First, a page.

Elektrownia Bełchatów, photo:
Free carbon emission permits for the Polish coal industry till 2030, negotiated at the EU climate summit last Thursday, are seen as a victory by the Polish government and as a disgrace by many Polish media and environmentalists groups. I believe this quick summary on the reaction to the new EU deal (and the pompous language used by leading politicians) makes an interesting reading.
Last Thursday at the climate summit in Brussels, European Union leaders endorsed a binding target to cut greenhouse gas emissions by at least 40 percent by 2030 (from 1990 levels). Poland won assurances that its utilities will get free carbon permits under the EU emissions trading system after 2020, and that the country will have access to funds for modernizing coal-based plants.
Poland has, effectively, managed to protect the coal-dependent status quo and can continue its short-sighted opposition to modernize its energy industry and defend it at all cost.
But the government is pretty content.
In the run up to the summit, Poland led opposition against the deal arguing that the target would hit its economy disproportionately and that the EU deal will drive up consumer prices 120 per cent between 2021 and 2030. The Polish government has openly criticized the EU proposals to cut CO2 emissions. Earlier this month Rafal Trzaskowski, Polish deputy foreign minister responsible for EU affairs, called the plans to limit CO2 emission “excessively ambitious ideas, in our opinion simply harmful for European competitiveness and economic growth.”
The Polish Prime Minister Ewa Kopacz left for the summit threatening to veto the deal unless the costs to Poland’s economy and industry were discounted by €15bn-€20bn (£12bn-£16bn) between 2020 and 2030, under a complicated system of concessions from the EU’s carbon trading system. She came back victorious – proud that “nobody will make Poland pay more, and the energy prizes won’t rise” as she had promised. She had declared she would fight for no extra financial burdens caused by the EU carbon policy, and she kept her promise.
During a press conference just after the summit, the deputy Prime Minister Janusz Piechociński boasted that “the new EU climate agreement, that is in the interests of Polish families – the receivers of energy as well as the interests of the energy industry – came as a result of the government’s long-term efforts to make the Polish economy more competitive”. Piechocinski also stressed that “Poland was alone in the fight for the European industry” and he was “forced to threaten with veto till the end.”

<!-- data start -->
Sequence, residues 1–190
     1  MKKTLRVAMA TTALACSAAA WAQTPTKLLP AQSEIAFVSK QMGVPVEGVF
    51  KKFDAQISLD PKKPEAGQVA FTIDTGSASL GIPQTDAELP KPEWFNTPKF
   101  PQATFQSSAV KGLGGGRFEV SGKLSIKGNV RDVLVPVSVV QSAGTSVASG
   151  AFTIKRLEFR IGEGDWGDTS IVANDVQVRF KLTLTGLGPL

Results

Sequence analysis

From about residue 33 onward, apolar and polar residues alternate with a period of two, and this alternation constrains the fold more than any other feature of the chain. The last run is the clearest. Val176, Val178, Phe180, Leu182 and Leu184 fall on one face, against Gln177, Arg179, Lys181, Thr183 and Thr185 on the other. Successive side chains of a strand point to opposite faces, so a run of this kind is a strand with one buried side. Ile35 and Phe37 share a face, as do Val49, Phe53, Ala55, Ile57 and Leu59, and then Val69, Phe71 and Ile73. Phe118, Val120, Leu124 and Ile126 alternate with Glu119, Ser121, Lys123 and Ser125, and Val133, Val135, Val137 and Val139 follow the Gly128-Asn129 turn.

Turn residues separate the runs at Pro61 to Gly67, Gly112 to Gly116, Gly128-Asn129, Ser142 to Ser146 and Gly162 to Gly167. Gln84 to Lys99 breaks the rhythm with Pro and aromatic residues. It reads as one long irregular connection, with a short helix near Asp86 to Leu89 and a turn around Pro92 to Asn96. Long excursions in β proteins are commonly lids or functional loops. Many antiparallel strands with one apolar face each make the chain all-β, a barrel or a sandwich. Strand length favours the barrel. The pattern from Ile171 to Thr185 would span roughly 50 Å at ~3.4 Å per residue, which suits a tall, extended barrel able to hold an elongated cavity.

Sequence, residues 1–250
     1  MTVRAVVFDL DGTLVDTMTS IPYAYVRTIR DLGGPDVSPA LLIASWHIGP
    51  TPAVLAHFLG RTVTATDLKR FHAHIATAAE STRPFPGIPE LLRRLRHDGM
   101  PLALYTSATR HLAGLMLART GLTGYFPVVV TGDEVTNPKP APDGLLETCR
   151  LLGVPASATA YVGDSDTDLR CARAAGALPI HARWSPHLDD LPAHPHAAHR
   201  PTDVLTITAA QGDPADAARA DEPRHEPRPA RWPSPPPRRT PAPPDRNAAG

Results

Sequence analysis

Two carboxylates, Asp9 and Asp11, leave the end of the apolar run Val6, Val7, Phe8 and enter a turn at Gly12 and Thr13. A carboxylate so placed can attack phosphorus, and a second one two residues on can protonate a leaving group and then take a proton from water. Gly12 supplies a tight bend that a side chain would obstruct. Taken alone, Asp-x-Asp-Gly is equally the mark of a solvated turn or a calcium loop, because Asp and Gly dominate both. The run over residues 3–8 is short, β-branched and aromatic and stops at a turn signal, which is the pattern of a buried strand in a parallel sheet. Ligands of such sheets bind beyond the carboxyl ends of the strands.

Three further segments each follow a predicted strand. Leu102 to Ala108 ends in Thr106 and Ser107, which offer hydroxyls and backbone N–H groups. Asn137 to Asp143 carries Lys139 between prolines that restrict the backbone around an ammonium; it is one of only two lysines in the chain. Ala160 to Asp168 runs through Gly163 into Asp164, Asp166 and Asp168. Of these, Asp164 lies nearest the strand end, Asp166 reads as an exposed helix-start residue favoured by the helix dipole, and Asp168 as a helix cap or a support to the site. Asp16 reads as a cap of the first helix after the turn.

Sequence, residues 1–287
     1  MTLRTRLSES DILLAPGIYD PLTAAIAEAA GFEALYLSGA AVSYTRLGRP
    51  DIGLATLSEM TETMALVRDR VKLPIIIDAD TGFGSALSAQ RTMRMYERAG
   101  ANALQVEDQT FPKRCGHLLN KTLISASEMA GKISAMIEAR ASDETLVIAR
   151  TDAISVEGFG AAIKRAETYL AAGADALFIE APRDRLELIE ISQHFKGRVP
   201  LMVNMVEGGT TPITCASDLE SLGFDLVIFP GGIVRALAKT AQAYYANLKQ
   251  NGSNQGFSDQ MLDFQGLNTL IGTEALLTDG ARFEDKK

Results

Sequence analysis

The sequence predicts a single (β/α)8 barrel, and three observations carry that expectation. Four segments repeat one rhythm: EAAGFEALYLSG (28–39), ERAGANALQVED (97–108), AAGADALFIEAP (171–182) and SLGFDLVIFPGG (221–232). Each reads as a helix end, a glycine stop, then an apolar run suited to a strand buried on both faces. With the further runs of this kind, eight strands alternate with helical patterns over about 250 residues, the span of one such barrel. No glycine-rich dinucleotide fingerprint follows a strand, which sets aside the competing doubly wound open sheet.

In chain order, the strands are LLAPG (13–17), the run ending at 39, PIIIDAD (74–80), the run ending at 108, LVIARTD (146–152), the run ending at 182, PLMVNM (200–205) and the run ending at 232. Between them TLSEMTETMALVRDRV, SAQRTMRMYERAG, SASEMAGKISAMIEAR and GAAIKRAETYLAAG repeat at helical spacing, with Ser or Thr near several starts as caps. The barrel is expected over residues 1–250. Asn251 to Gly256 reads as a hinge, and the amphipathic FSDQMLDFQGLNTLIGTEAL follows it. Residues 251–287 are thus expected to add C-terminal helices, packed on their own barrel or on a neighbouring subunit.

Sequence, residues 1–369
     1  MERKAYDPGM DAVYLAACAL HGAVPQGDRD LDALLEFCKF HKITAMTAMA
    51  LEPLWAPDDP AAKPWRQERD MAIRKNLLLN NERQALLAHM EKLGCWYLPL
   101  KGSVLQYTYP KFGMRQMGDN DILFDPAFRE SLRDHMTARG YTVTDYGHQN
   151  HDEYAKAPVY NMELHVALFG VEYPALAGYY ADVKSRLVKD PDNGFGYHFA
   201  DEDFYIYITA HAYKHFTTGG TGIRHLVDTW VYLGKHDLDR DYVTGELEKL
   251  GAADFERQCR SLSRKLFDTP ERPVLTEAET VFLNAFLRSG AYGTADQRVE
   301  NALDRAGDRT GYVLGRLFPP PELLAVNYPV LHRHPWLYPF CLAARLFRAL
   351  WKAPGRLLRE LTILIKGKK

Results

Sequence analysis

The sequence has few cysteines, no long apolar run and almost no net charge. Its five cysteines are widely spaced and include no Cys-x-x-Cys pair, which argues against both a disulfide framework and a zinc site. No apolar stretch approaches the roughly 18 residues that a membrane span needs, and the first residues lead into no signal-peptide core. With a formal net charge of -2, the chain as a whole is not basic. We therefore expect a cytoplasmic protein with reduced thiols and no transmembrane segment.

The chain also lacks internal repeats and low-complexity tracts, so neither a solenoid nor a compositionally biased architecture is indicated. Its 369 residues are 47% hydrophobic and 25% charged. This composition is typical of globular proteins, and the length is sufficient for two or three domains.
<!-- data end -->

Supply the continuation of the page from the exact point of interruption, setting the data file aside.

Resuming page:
Minister Trzaskowski’s “excessively ambitious ideas” and Piechocinski’s “fight for the [survival of] European industry” paint a pretty accurate picture of the Polish government’s attitude to combatting climate change.
But not everyone is that content.
“It’s scandalous,” said Julia Michalak, a spokeswoman for Climate Action Network Europe. “A continuation of free emission permits for Poland’s coal-reliant energy system would be a grave mistake. Leaders who came to Brussels to agree new historic climate goals, are actually discussing whether to hand out money to Europe’s dirtiest power plants.”
“Poland has managed to negotiate the right to stay behind the European countries that modernize their own energy industries,” says Kacper Szulecki in the Liberal Culture magazine. “ We have got what premier Kopacz wanted: no extra burden of costs but, additionally, no incentives to reform and modernise our economy and the energy industry. Where there are concessions and there is no motivation, there will be no change. He adds that when it comes to the role of Poland in the EU and the role of the EU in the global fight to combat climate change, the victory isn’t that obvious. Veto would have been damaging to both Poland and for the EU’s ambitious plan to show unity on the issue to the rest of the world. Szulecki argues that we have ended up with some sort of an “opt-out deal” – the EU managed to largely exclude Poland from the deal (by giving the country what it wanted) to keep it quiet.
“Is it in our interest to push for the development of one sector of the economy, or to push to have clean air?”, asked Magdalena Sroda, a leading Polish philosopher, professor of ethics at the University of Warsaw, author and commentator, in a radio interview just after the summit. From the way Polish politicians present the limits on the CO2 emissions as a national tragedy, we can only see that the dirtier and more polluted Poland is, the prettier it is.” “We are a backward and parochial country.” she concluded.
The European Commission president, Jose Manuel Barroso said that “this package is very good news for our fight against climate change. No player in the world is as ambitious as the EU.”
Well, he is right. Poland, victorious or backward, signed the deal and the EU can move on. For now, anyway.